When it comes to the impacts of climate change here in New England, there is a lot we can see.
The visuals often give us long lasting memories -- coastal flooding, intense coastal storms, flash-but-high-intensity droughts. If you look at the numbers, there are very concerning trends.
Let's look at 2020. It was the warmest year on record in Providence, Rhode Island; the second warmest in Hartford, Connecticut, atop Blue Hill in Massachusetts and in Burlington, Vermont; the fifth warmest in Concord, New Hampshire, and Boston.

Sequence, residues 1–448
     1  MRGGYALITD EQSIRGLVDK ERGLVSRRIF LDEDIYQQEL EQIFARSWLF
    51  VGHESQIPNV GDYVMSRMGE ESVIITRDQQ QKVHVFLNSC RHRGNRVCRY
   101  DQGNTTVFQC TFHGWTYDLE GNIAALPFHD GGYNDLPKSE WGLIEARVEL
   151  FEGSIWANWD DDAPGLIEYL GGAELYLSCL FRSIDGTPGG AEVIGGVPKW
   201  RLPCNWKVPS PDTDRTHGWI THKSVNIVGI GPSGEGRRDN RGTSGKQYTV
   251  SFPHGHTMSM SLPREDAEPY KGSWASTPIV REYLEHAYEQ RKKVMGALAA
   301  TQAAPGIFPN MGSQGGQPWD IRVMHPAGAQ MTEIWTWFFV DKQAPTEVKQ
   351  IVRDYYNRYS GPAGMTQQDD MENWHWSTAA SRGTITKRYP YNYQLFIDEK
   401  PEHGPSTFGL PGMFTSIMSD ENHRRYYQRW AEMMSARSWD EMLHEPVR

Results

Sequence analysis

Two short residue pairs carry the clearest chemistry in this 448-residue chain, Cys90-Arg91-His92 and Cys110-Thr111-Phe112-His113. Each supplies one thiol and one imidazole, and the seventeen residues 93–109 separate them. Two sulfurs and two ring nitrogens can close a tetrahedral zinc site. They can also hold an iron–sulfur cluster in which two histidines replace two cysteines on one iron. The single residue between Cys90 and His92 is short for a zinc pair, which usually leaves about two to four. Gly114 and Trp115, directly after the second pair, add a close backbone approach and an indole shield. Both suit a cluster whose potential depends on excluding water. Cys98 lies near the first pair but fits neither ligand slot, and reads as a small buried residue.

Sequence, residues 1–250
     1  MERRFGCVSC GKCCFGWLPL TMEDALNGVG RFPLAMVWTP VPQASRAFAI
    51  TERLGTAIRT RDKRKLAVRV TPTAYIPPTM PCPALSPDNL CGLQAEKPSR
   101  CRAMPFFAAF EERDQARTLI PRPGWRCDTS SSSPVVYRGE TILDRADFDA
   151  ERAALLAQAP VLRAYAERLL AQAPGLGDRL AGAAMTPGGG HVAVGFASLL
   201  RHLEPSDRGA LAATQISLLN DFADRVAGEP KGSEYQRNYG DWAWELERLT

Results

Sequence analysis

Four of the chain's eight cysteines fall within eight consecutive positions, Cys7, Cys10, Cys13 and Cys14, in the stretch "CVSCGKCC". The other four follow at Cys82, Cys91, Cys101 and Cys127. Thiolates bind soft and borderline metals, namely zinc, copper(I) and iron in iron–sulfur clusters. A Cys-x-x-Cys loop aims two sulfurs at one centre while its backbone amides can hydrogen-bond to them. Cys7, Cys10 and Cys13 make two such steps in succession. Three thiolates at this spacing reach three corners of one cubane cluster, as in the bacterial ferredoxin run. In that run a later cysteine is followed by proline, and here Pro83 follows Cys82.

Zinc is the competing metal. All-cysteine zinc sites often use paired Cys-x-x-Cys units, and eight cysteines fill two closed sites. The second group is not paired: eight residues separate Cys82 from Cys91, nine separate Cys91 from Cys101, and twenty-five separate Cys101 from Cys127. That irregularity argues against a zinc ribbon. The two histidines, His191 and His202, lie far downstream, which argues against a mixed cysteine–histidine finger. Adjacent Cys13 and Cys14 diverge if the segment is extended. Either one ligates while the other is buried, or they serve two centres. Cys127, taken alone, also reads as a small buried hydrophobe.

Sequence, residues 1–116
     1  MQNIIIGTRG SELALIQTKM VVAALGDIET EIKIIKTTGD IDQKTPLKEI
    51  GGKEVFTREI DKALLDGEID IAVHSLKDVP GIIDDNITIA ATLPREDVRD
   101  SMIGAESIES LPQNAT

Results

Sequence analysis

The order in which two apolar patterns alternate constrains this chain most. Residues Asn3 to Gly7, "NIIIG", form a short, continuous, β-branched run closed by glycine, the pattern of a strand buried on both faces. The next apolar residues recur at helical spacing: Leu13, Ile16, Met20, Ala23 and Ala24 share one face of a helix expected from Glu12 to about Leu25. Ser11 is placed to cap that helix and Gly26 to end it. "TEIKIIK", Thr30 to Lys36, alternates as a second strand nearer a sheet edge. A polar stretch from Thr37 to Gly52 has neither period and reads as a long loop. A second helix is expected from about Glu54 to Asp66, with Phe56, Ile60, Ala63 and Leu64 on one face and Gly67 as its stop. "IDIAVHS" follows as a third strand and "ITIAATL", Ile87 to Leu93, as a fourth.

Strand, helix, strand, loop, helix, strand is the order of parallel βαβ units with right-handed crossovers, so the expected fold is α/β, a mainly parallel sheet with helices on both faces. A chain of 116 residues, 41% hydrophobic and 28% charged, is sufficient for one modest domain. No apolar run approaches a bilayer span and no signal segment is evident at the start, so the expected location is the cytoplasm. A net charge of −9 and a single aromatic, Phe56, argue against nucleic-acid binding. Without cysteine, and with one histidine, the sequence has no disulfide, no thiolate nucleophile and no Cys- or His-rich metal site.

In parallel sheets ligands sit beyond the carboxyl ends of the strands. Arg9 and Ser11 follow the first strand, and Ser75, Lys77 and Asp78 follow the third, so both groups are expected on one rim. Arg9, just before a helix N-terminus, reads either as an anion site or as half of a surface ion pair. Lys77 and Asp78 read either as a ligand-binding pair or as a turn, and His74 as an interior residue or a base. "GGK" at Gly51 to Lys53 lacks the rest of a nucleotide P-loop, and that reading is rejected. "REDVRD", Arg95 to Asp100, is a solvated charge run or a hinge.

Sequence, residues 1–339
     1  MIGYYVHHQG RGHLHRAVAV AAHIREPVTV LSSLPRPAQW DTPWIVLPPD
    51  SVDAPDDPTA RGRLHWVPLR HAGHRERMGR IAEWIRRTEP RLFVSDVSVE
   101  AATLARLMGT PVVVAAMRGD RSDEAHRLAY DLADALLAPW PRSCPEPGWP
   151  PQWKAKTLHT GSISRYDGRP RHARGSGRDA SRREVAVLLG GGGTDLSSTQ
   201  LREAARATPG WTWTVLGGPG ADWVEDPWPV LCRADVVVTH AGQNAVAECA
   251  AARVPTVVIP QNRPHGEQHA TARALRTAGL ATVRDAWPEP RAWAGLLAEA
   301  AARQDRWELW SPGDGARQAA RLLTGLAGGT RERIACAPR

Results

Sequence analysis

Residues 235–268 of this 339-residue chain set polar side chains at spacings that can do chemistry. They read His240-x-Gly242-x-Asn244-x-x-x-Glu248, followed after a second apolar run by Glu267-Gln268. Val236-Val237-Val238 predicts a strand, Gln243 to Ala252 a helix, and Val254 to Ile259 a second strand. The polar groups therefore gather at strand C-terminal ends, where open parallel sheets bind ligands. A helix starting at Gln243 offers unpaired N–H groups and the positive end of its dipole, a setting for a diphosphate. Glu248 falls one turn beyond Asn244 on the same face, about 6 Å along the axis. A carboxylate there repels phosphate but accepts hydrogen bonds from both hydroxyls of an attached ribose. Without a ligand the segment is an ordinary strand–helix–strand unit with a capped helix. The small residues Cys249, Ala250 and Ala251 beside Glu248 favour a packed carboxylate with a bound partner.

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Globally, it will end up being one of the three warmest years on record – it's still possible that it could be the warmest. Global numbers take longer to process and verify.
Since 2010, Boston has experienced six of its top 10 warmest years on record, with the same number in Burlington, Vermont. Half the years in the last decade were in the top 10 warmest at Blue Hill and in Providence, with four in Concord and Hartford.
This is what's troubling, when you have such a large data set from many old cities in New England.